The Old West with Gene Autry“I should have been a cowboy…just like Gene and Roy,” as the country song goes (Toby Keith). A few weeks ago we found ourselves in a little country diner in east Tennessee, seated at a table surrounded by memorabilia from the 1950’s and earlier. For 10 minutes while I waited for my lunch, I marvelled at all the old stuff, especially a poster about a Gene Autry western called “The Old West.” I knew who Gene Autry was and had seen his name all over the place out west but I don’t remember ever seeing any of his movies. Stick with me because this really is horse-related. I rented the movie on DVD and last night we sat back and took in scenes from a simpler time…1952, and sometime in the late 1800’s, as portrayed in the film. Now in westerns, horses play a major role and The Old West was no exception. The movie has horses in most of its scenes including Gene riding, a stagecoach race, bad guy chase scenes and even Champion, World’s Wonder Horse, helping Gene pick some wild horses for the big stagecoach race.

Seeing Gene Autry in this old western made me even more thrilled to have the privilege of owning a horse of my own and deepened my desire to strap on a saddle and go riding.

Here are some interesting notes about Gene Autry and horses:

  • There were 3 official “Champions,” Gene’s trademark horse. 3 other “Champions” were used for television appearances, touring and personal appearances while a few undocumented horses served as stunt doubles and stand-ins.
  • “Lindy Champion” made aviation history in 1940 by being the first horse to fly on an airplane from California to New York (for an appearance at the World’s Championship Rodeo at Madison Square Garden).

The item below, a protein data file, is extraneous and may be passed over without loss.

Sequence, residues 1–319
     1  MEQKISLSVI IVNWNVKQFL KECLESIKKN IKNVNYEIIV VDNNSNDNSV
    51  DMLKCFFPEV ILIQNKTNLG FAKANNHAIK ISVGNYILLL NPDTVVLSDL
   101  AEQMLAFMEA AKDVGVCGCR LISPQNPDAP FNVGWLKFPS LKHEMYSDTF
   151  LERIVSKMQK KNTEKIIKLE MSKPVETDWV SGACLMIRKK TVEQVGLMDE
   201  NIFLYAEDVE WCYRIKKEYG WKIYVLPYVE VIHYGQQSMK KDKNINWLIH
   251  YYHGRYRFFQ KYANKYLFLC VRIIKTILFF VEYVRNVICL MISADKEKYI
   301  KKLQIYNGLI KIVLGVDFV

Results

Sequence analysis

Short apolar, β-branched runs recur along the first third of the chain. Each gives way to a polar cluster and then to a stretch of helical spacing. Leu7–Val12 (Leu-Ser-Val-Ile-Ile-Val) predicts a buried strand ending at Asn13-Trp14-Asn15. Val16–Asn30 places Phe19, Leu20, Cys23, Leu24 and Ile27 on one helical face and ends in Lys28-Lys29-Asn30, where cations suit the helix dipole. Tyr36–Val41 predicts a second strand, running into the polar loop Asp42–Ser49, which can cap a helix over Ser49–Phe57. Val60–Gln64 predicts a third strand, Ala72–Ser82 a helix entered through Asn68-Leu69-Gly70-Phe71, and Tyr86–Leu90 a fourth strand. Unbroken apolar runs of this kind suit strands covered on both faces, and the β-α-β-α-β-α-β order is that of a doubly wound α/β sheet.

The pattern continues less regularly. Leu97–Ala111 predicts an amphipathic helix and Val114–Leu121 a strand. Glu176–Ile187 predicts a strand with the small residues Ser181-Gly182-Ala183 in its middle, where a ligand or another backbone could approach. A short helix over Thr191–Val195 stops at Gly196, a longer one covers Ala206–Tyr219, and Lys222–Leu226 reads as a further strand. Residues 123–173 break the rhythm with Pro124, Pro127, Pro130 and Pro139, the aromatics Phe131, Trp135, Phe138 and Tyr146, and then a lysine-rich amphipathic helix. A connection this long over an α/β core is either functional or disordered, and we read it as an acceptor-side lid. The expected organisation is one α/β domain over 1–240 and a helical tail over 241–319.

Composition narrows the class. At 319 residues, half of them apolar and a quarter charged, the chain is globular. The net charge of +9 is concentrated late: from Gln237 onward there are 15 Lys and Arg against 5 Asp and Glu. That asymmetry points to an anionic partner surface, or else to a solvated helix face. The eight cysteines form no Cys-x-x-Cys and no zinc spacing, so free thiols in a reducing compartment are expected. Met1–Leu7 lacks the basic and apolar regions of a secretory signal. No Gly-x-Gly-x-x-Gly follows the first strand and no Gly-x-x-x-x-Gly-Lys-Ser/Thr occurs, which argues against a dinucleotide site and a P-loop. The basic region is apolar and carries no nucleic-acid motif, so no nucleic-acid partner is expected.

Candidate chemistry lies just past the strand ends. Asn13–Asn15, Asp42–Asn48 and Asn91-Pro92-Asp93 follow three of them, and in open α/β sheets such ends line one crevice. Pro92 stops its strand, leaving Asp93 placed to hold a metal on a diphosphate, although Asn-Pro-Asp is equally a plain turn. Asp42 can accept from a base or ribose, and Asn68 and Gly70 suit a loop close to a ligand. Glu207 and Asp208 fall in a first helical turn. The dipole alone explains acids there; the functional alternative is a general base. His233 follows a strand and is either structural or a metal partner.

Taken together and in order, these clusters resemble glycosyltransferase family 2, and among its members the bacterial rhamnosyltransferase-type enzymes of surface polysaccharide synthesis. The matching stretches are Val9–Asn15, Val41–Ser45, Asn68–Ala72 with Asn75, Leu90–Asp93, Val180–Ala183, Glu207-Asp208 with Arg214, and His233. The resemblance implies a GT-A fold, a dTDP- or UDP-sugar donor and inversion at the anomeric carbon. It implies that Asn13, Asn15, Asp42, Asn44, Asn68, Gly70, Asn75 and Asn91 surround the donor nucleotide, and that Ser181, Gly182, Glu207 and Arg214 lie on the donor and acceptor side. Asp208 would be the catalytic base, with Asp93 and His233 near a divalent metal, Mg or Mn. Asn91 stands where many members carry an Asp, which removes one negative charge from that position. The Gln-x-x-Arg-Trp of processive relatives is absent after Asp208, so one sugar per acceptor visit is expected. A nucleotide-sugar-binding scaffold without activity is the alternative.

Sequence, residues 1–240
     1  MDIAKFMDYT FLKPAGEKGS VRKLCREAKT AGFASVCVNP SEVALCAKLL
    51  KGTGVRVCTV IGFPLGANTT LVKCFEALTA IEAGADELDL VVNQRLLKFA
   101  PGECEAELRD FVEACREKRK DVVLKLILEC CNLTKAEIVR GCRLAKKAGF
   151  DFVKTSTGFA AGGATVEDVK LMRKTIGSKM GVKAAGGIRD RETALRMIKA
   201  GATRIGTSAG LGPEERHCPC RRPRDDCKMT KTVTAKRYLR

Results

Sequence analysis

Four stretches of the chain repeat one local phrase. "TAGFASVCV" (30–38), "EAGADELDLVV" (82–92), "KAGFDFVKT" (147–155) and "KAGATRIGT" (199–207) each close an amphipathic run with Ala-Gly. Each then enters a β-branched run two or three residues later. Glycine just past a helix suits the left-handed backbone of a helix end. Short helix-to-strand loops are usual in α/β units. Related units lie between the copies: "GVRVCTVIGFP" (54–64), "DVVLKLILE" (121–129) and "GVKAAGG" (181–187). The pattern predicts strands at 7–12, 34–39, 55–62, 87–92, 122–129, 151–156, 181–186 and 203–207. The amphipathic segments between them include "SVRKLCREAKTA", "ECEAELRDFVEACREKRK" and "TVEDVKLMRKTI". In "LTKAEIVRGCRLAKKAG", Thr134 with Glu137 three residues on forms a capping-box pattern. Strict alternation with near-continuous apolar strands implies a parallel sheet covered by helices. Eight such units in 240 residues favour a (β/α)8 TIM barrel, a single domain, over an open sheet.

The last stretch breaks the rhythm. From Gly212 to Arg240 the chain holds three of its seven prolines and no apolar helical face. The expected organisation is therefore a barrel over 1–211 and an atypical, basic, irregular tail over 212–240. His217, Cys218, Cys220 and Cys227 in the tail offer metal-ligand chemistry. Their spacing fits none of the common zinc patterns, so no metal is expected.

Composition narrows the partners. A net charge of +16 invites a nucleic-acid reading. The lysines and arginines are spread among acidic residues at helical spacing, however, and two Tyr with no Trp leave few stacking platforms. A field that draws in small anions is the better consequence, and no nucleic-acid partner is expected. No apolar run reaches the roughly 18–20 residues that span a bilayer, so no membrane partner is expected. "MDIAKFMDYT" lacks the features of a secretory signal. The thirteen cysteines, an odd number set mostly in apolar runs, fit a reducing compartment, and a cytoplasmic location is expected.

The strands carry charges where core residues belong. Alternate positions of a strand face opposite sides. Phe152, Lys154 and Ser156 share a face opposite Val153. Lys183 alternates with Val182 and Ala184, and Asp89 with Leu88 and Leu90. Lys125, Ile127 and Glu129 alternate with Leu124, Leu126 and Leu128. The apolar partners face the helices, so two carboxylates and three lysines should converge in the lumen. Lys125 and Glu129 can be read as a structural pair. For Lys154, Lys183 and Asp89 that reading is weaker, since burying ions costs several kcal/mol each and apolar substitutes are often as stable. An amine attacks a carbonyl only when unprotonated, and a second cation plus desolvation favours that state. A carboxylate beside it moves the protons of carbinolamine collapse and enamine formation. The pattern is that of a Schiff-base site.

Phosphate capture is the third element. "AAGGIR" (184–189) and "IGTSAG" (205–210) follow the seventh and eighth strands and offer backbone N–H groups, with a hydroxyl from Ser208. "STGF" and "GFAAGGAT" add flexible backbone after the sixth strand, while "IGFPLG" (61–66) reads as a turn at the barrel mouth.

• Lindy Champion was a registered Tennessee Walking Horse (just like Valentine!).
  • If you visit Graumann’s Chinese Theater in Hollywood, you’ll see “Touring Champion’s” hoof prints next to Gene Autry’s hand prints. Could this be the only horse hoof prints on the walk of fame?
  • According to geneautry.com, “Original Champion” could “untie knots, roll over and play dead, bow, shake his head ‘yes’ and ‘no,’ and come to Gene’s whistle.”
  • Although the original Champion lived to be only 17 years old, “Champion Jr.” lived to be 35 and “Champion 3” lived to be an amazing 41 years old, dying in 1990! Wow!
  • As an officer in the Army, Gene Autry was allowed to wear cowboy boots as part of his uniform. He was the only officer in World War II to be allowed this privilege, though I’m not sure if he wore them only for ceremonies or for day-to-day duties as well.

For more info on Champion, World’s Wonder Horse, check out:
http://www.geneautry.com/geneautry/champion/index.html

For more info on Gene Autry, America’s favorite singing cowboy, visit:
http://www.geneautry.com

And for more infomation on The Old West movie, visit:
http://www.geneautry.com/musicmovies/dvds/oldwest.html